There are certain basics principles for determining the tax effect of a judgment or settlement, including the following.
1. Settlements treated the same as judgments. In the first place, from a federal income tax point of view, it is typically irrelevant whether the lawsuit results in a settlement or a judgment. However, as a practical matter, settlements tend to offer greater tax planning opportunities because the parties to litigation have significantly greater room in coming to a mutually acceptable resolution, rather than merely accepting the judgment of the court which could result in a “tax inefficient” outcome. The confidentially of the settlement process also facilitates litigation tax planning.
2. Origin of the claim partly determines the tax result. Second, the origin of the claim test dictates that the tax result of a settlement or judgment should be determined by reference to the underlying claim which the lawsuit seeks to redress. The question to ask here is “In lieu of what were the damages awarded?” Raytheon Production Corp. v. Commissioner, 144 F.2d 110 (1944). The answer to this question determines whether a recovery should be taxed as a capital gain (or loss) or as ordinary income.
This test is straightforward in theory, but the practical application can be extraordinarily complex, often times developing into an extensive facts and circumstances analysis. As one case explained, consideration must be given to the issues involved, the nature and objectives of the litigation, the defenses asserted, the purpose for which the claimed deductions were expended, the background of the litigation, and all the facts pertaining to the controversy.” Bradford v. Commissioner, 70 T.C. 584 (1978).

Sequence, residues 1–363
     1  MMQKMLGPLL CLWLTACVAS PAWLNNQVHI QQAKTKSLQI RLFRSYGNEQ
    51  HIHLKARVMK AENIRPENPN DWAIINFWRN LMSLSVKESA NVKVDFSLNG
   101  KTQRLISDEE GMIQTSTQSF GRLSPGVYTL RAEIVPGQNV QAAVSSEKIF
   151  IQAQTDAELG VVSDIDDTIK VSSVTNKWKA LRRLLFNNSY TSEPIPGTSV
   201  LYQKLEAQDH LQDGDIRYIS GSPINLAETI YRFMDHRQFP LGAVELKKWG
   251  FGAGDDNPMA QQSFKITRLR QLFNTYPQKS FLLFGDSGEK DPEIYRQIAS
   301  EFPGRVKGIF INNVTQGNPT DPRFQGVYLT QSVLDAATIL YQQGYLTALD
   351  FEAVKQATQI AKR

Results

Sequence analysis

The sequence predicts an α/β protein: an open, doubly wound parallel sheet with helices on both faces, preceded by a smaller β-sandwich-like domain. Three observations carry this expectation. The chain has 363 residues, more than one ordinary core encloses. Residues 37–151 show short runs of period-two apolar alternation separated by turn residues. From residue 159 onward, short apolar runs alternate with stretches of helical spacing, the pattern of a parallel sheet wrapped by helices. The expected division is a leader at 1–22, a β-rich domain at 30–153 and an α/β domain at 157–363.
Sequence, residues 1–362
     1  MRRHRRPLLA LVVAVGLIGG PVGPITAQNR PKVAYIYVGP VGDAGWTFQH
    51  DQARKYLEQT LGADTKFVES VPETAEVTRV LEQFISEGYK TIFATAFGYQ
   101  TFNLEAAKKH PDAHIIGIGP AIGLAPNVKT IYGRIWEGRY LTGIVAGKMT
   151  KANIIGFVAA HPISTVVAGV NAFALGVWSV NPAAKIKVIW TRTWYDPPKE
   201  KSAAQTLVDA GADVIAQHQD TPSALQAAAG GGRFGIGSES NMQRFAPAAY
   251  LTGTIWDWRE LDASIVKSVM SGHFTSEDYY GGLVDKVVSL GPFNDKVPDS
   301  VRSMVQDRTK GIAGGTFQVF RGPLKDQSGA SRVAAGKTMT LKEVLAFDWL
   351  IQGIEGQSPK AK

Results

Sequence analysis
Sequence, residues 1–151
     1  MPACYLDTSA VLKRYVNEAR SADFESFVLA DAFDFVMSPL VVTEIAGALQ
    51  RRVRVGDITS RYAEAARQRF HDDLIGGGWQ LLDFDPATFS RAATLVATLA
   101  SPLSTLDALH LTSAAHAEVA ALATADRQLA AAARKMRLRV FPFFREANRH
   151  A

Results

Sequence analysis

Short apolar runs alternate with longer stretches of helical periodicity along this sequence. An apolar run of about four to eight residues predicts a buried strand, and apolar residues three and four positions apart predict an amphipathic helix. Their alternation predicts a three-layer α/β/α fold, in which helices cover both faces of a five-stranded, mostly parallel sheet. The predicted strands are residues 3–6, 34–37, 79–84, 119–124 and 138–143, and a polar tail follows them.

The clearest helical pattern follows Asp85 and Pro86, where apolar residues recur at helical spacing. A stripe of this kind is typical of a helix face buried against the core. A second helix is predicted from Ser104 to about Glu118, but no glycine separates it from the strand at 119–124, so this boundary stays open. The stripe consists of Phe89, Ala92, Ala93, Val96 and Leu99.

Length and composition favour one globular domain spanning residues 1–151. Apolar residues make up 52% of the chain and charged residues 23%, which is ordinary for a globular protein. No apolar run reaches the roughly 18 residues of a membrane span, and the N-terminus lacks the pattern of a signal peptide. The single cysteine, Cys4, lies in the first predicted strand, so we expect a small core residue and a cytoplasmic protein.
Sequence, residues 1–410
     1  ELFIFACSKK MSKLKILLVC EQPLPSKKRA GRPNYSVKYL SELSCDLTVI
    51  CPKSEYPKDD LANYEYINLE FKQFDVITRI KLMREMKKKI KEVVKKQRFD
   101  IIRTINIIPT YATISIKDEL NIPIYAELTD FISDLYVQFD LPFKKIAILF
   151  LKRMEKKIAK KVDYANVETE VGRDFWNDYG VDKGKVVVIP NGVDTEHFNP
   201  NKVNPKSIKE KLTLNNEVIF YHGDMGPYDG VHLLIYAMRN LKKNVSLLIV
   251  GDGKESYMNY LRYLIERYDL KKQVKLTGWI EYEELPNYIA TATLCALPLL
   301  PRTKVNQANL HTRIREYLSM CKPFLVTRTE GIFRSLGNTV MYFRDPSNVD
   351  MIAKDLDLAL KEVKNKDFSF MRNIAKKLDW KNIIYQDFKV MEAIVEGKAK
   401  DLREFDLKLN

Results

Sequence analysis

3. How a recovery is “classified” partly determines its tax treatment. Tax planning for awards and settlements centers around classifying and apportioning payments into categories of income, with the most favorable tax treatment wherever possible. This is because under the Internal Revenue Code, “gross income” is defined as broadly as possible and it narrowly construes exclusions from income and deductions. Classifying into certain partitions can often result in significant tax savings. Typically, an award or settlement contains payments which compensate defendants for a number of different items, such as medical expenses, punitive damages, lost wages, and interest. In order for the tax treatment of a payment to be fully determined, considerable analysis is often necessary to classify and apportion an award or settlement into its constituent parts.
For example, classifying payments as solely punitive damages would cause full inclusion in gross income and tax to be applied at ordinary income rates, whereas classifying payments as a physical personal injury may result in full exclusion from ordinary income and no tax liability.